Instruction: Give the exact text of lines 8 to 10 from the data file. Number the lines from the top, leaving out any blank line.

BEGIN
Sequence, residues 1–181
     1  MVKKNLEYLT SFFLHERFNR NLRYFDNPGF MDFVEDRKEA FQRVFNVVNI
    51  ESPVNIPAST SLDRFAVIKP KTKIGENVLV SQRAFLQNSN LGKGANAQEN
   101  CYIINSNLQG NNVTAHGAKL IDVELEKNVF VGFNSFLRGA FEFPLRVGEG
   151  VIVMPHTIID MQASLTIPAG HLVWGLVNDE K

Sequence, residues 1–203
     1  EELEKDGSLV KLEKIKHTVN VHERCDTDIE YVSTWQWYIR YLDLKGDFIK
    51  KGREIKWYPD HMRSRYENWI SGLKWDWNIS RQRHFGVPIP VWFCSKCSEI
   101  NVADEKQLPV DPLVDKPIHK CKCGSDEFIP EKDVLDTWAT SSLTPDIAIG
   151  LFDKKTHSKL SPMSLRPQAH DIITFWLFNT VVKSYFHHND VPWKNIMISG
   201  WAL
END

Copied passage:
    51  KGREIKWYPD HMRSRYENWI SGLKWDWNIS RQRHFGVPIP VWFCSKCSEI
   101  NVADEKQLPV DPLVDKPIHK CKCGSDEFIP EKDVLDTWAT SSLTPDIAIG
   151  LFDKKTHSKL SPMSLRPQAH DIITFWLFNT VVKSYFHHND VPWKNIMISG